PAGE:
In today’s society, it is safe to say that there have been serious strides made in terms of gender equality. While we are by no means equal, it is comforting to know that the seriousness of the gender gap has been acknowledged as a real issue. The gender wage gap has been the focus of many professionals in Hollywood and just recently 10 major companies, including Twitter and Barclays, went public with their gender parity issues, vowing to make changes. And while these strides are admirable, there are still many issues that women in the professional world are facing that aren’t attracting so much attention. One specific field that faces gender discrimination is in the seemingly male-driven field of economics.
Over the past few months, Justin Wolfers, an Australian and American economist, has published two articles in the New York Times regarding the way credit is given in his field. In “When Teamwork Doesn’t Work for Women,” Wolfers cites a study done by Heather Sarsons, an economist who is currently finishing up her dissertation at Harvard. Sarsons has found that women are suffering from a serious gender bias in terms of receiving the credit they deserve in situations where group work has been done. In the field of economics, being published is a highly crucial component to being offered tenure, the saying “publish or perish” absolutely applies here. Long story short, while women seem to be offered tenure equally when they publish alone, their chances greatly diminish when they work with others, especially men. When this happens, credit is often attributed to the men, because author’s names are listed alphabetically rather than in order of who did the majority of the work, revealing that there is in fact a gender bias in economics.
Wolfers also wrote an article in November regarding the lack of credit female economists receive called “Even Famous Female Economists Get No Respect.” He tackled the issue by focusing on a few different economic “power couples,” including a ridiculous story regarding Janet Yellen, chairwoman of the Federal Reserve and her husband, George Akerlof, a Noble Prize-winning economist. Apparently, Ralph Nader decided to write an open letter to Yellen regarding monetary policy, suggesting she sit down with her husband, and together decide what to do about it, even though he doesn’t even study that field of economics. Wolfers article continued with many other examples of men who received more credit than their wives on projects they had coauthored, often when their wives were the primary authors.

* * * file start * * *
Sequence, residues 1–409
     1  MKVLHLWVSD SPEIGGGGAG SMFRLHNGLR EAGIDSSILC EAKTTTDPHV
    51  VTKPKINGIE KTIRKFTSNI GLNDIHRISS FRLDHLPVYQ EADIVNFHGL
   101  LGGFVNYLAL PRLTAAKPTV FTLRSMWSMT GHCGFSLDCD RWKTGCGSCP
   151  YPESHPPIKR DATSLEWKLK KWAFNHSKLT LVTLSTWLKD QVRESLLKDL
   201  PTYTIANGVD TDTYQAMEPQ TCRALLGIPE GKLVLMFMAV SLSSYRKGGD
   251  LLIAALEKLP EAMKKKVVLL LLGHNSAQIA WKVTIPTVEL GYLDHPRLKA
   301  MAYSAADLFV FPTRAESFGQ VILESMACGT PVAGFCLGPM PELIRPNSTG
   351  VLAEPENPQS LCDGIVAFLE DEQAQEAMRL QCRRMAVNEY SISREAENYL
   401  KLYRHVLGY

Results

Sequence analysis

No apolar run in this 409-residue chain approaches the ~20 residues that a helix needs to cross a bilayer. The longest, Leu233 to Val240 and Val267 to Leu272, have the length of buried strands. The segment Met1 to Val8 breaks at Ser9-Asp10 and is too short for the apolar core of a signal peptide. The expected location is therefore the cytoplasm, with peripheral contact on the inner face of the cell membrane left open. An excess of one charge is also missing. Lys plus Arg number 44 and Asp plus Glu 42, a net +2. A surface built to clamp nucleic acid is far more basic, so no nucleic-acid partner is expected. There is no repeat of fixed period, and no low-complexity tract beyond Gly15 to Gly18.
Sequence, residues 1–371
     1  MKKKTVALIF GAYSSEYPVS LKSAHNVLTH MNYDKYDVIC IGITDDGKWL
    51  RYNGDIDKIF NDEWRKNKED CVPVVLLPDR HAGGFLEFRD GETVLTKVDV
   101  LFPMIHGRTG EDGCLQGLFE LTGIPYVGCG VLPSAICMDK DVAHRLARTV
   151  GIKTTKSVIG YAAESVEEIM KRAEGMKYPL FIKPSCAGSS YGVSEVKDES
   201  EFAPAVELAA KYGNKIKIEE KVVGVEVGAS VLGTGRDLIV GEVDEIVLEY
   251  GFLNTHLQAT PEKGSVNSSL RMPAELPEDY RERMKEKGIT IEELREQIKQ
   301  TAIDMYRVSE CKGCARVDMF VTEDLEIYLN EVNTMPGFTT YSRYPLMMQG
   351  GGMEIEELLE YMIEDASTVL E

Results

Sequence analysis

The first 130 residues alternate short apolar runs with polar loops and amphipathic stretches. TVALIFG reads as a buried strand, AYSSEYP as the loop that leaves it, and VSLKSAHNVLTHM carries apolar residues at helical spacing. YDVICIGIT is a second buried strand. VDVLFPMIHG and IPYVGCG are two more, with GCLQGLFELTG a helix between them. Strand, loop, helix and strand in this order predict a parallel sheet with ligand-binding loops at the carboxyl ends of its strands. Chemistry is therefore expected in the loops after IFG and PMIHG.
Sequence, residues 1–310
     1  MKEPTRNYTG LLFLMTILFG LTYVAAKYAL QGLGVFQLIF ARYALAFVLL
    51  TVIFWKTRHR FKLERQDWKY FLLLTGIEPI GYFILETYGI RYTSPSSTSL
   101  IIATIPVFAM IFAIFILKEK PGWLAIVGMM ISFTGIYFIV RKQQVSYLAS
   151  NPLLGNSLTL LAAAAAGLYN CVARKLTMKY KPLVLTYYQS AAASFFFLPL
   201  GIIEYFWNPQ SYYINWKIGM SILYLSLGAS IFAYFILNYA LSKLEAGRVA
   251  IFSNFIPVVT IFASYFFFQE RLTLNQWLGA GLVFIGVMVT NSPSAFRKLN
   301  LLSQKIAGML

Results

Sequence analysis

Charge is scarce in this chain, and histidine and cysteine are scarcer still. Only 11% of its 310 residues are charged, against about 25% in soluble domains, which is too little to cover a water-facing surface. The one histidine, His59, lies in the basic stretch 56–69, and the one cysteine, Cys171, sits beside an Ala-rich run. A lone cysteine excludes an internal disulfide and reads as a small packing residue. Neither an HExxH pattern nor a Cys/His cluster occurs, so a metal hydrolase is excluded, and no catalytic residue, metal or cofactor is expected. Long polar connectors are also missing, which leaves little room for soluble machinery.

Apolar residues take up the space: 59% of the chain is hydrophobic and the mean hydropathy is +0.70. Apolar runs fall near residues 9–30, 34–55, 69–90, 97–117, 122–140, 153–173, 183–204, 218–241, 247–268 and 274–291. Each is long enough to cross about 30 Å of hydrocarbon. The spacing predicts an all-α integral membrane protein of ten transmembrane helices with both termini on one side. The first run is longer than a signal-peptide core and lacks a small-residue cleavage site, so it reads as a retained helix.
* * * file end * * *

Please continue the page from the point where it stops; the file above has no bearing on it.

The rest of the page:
As a woman who will be entering the workforce within the next few years, I see a genuine issue with the gender bias that many professional fields continue to suffer with. While women should be speaking up, I can see how in a male-dominated field, that isn’t always easy. Besides that, this isn’t a matter of speaking up because it’s an issue of false assumptions. It’s great that women who choose to write solo are receiving just as much credit as men who make that choice. But a woman shouldn’t have to be the sole author of a project just because she’s nervous that if she were to work with a man, she wouldn’t receive her due credit. That’s ridiculous. Yet Ms. Sarsons findings are so important, because they prove that this is a real problem women are facing.
Though they still face criticism, I’m glad to see that people are able to speak up and fight gender inequalities in certain fields, such as Hollywood and politics, because it shows that America has changed. But I don’t think we will be able to say we’ve truly seen change until the women outside of the spotlight feel they have seen equality. Economics is a field that studies all subjects, including ones that are typically deemed feminine. There is no reason for people, including fellow economists, to assume that men are generally the first authors. I look forward to seeing how, and if, the field changes within the next few years as a new generation continues to infiltrate the workforce.